Just stop there
"my hand stays pretty level until it gets towards the midline of the boat, "

For power strokes you want to end the stroke when the top hand is about at the middle of the boat.

If you go any farther you effort is either:

Lifting water if you have a high-angle stroke


Steering is you have a low-angle stroke.

In either case you aren’t doing much for making the boat move forward.

RE: just stop there
Thanks, I’ll keep that in mind!

REI guy
Is not a very good model. Paddle blade runs long past hip and does bicep curl at exit of the blade. Top hand motion makes a diving diagonal across the front of his body. There’s plenty of DVDs out there with better demonstration.

See you on the water,


The River Connection, Inc.

Hyde Park, NY

Top Hand Moves Past Center With Torso
Rotation. The hand and arm remain fixed allowing the torso to do the work. The boat moves in the direction of force. And as my canoe guru would say: “the purpose of the top hand is to move the bottom hand forward.”

sight the horizon

– Last Updated: Sep-14-15 7:30 PM EST –

Gridly ! Ok point A to point B right foot torso LEVER power stroke left with right body now in action, sight horizon breathe deep reach for the Red Bull left foot forward leg torso rotates right power stroke keep arms level LEVER right power stroke off left foot leg torso..

is this boring or what ? sighting the horizon may 'keep you from dwelling on that'

the idea of parallel exists within the leg to foot to leg to torso to level arm leverages in pulling the boat ahead of the paddle while you sight the horizon !

I'm at a loss to say if 'keeping arms level' produces more power LEVERAGE from torso rotation...pushing with left body on left paddle shaft bringing right paddle against water. But as an average including positions deafintely not level nor using torso nor being remotely aware of the horizon going level is an arm movement forward.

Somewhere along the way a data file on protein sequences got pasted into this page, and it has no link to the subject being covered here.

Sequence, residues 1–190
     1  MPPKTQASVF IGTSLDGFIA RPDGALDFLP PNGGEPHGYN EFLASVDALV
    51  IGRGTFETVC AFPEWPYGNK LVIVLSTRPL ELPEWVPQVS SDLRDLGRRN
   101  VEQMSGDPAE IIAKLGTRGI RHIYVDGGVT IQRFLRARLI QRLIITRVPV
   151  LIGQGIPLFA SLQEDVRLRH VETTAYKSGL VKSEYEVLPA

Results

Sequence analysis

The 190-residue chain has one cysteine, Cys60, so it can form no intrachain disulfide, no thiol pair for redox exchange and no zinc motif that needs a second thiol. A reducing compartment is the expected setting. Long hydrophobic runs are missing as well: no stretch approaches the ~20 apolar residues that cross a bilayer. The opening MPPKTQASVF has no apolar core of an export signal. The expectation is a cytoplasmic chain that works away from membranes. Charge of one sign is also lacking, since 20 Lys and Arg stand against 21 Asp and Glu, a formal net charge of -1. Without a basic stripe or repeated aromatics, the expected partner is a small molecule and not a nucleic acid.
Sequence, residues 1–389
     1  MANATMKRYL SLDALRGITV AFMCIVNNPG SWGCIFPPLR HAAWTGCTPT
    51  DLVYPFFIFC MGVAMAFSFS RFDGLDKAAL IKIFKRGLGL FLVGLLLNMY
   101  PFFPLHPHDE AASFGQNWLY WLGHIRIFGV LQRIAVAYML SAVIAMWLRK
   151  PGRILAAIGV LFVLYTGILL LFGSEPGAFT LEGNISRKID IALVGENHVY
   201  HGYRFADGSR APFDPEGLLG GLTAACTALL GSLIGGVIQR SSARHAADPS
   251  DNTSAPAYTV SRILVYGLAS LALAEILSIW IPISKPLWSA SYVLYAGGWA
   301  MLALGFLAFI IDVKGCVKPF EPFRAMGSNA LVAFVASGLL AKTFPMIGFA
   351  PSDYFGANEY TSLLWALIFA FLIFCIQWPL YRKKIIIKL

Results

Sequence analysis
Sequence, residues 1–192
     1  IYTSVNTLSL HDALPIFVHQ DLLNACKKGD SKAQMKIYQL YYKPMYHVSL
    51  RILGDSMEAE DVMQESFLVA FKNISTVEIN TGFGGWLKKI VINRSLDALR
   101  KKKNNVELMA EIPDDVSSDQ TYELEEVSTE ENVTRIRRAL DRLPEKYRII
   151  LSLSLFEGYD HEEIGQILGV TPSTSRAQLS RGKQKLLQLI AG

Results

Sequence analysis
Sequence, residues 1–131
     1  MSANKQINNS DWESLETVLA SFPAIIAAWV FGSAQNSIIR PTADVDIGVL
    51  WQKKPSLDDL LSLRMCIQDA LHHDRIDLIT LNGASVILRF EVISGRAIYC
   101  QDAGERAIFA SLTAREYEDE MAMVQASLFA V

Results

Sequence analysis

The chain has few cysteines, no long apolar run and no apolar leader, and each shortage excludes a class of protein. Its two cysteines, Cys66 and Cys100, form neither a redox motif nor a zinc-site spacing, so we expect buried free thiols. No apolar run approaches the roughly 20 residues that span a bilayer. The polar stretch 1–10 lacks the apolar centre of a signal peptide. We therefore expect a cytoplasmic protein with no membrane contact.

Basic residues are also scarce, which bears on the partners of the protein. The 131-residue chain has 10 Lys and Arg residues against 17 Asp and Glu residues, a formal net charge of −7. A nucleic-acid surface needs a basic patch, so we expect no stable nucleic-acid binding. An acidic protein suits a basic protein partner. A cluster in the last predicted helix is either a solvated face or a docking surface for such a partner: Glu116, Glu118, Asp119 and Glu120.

In thruth, the concept of 'level' doesn't develop meaning until you're in the yak holding the paddle shaft. Does it ?

now a word about activating cranial nerves ...

Blunt, but true
Agreed, that video model was…well, awful.

First part is quite ok (the catch, beginning of stroke), but the later portion of the power phase is not even up to the often argued values of the so-called “low” stroke.

What I would call a high work ethic stroke, he is working hard, and by that sensation must be thinking it is good. The latter part of the power only partly translates to moving forward, most is simply wasted effort.

Yes, it is rather true that the best efficiency come from a top hand that maintains height during the power- even for a low angle stroke.

How high that top to keep the top hand is dependent on many things, personal goals certainly one thing, training volume another. Even at the top level of racing, the greats varied (Tim Brabants kept his top hand over his forehead, Ivan Lawler and Knut Holman kept their top hands barely over shoulder level).

One point that isn’t often made is training volume. Technique is fine, but I’ve had most success with students who plan long distance touring by emphasizing proper training volume over the occasional practice of perfect technique.

From my personal experience, my forward stroke style during a two week expedition versus in a race kayak mostly varies by cadence, not form. Doing anything else feels like…too much work.